RAYMOND – In baseball, waiting for the best pitch to hit is the key to a successful at-bat.
Pablo Lanzarote, a native of Venezuela, is mastering that strategy nicely for the Hinds Eagle baseball team, but has also applied it to the classroom and in life.
“I’ve played baseball since I was 3,” Lanzarote said. “Everybody loves baseball in Venezuela. With baseball, there is a greater opportunity than other sports to get out of Venezuela and make a lot of money.”
He finished high school there in 2016, then came to the United States two years later. He tried to start college in Miami, where one of his coaches back home had attended school. But the political climate at home and in the U.S. presented a curveball of sorts that he couldn’t hit.
“The situation in Venezuela was pretty bad and I couldn’t get my paperwork sent here, plus the border was closed,” he said.
In spring 2018, Lanzarote met Hinds head baseball coach Sam Temple when the two crossed paths at Madison County Sports Zone. The young prospect had just moved in with an aunt in Canton and taking a job in foodservice. Hinds wasn’t the only community college tryout he had that spring – but it was his best outing, and his talents took wing in the Eagle offense. The pros took notice of him, too, but he credits Temple for helping maximize his talents on the community college level.
“He kept telling me to come here first, to put up some good numbers and make even more money later,” he said.
He started slow academically, but felt a desire to succeed there the same way he does behind the plate as catcher.
“At first, I wasn’t in a lot of academic classes,” he said. “I told coach if I come back in fall 2019, I’m taking regular classes. I wanted to see if I could pass a class. A lot of the guys on the team were going to Division I colleges. If they were going to places like that, why couldn’t I do it, too?”
He said his coaches were nervous about algebra and English, but he treated them like fastballs over the plate, with appearances on the President’s and Dean’s lists twice at Hinds. He’s carrying a 3.69 GPA into graduation day May 13, where he’ll earn an associate of arts degree with others participating in ceremonies at the Muse Center on the Rankin Campus.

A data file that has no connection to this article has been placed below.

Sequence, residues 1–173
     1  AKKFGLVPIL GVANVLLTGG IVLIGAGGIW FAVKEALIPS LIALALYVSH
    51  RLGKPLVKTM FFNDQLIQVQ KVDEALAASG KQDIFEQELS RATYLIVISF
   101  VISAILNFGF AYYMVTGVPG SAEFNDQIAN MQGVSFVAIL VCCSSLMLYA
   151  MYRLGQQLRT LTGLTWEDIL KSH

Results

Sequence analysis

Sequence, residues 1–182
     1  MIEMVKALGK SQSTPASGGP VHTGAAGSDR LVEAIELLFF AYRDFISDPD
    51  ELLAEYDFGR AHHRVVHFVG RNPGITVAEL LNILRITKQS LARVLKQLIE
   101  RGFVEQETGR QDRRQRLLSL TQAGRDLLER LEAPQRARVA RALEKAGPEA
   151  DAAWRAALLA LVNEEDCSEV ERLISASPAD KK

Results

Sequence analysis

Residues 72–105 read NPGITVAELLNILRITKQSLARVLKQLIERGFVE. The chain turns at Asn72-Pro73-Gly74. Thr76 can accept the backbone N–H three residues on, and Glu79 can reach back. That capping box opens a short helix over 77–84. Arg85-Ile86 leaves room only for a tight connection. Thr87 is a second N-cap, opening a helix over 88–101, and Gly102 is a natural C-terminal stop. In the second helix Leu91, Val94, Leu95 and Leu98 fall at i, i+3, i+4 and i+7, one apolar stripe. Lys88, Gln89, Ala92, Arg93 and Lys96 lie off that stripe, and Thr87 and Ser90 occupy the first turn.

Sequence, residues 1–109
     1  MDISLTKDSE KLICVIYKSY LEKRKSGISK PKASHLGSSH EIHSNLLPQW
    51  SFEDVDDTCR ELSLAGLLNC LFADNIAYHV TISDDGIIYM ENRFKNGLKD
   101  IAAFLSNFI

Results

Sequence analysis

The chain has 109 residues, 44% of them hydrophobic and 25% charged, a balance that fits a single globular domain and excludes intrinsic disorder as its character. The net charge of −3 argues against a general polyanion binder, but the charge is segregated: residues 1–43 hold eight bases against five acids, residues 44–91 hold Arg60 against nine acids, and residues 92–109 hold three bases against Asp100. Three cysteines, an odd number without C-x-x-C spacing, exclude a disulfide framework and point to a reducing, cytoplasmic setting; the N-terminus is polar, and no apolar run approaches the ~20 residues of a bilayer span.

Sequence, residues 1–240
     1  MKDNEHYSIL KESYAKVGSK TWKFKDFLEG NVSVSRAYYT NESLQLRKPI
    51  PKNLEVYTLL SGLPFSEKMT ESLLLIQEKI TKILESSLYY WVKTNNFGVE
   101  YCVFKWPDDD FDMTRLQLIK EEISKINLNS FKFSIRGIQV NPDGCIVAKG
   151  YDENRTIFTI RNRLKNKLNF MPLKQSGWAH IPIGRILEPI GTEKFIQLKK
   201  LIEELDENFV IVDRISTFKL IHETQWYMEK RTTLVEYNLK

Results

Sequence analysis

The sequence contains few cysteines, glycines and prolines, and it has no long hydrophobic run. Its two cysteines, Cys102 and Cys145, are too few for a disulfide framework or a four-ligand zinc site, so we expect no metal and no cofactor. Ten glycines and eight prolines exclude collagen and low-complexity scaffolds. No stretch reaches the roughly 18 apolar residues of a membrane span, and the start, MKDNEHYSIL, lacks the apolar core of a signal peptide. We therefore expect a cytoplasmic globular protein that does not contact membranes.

Lanzarote is the first international student during the tenure of head coach Sam Temple, who thinks it truly remarkable to have worked with him and understand the challenges the budding star faced.
“He has not only made us a better team, but also made me a better coach,” Temple said. “Excelling as a student-athlete in the classroom and on the field, along with balancing his life of practice, work and studies is great tribute to him and his parents.”
Nita Burchfield, a business administration instructor at Hinds, taught Lanzarote’s Legal Environment of Business class in 2019. She took note of his eagerness to learn despite several obvious challenges.
“I felt totally stranded when I realized the language barrier might prevent us from communicating,” Burchfield said. “Pablo’s self-deprecating humor made others feel all right with the communication awkwardness, and he embraced every opportunity to connect despite the obstacles.”
Last spring’s interrupted season due to COVID-19 simply provided another opportunity for him to improve on and off the field. When play was stopped in mid-March 2020, the Eagles were 14-2 and Lanzarote was batting .485.
“I stayed in shape by working out with an assistant coach in Jackson who is also from Venezuela,” he said. “I used the time to get bigger and stronger.” He also starred in semipro ball last summer, with the Hattiesburg Black Sox of the National Baseball Congress.
In 2021, he’s also starred occasionally at first base and in the outfield. At the plate, he’s been the Eagles’ power hitter on a team heading into the Region 23 playoffs Friday with a 22-15 record overall, including 18-10 in conference play. The Eagles play host to Jones College in a best-of-three series to open the postseason. First pitch Friday is at 6:30 p.m.
He leads the team in home runs with 12, which is a new single-season record at Hinds, and in RBIs, with 45, to go along with a .330 batting average. His .752 slugging percentage puts him in the top 50 in juco ball nationwide, while on defense his 233 putouts are good for the top 25 nationally. He’s committed to Purdue University to play baseball and, at the same time, continue basking in the American experience.
“Coming out of Venezuela, I just didn’t know about the education here at Hinds. I just knew I wanted to play baseball here and at the next level.”
His coach chooses to strike a more celebratory tone as his protégé graduates to bigger things.
“What a great story for other young men and women – to know that hard work and dedication can lead to such a great outcome,” Temple said.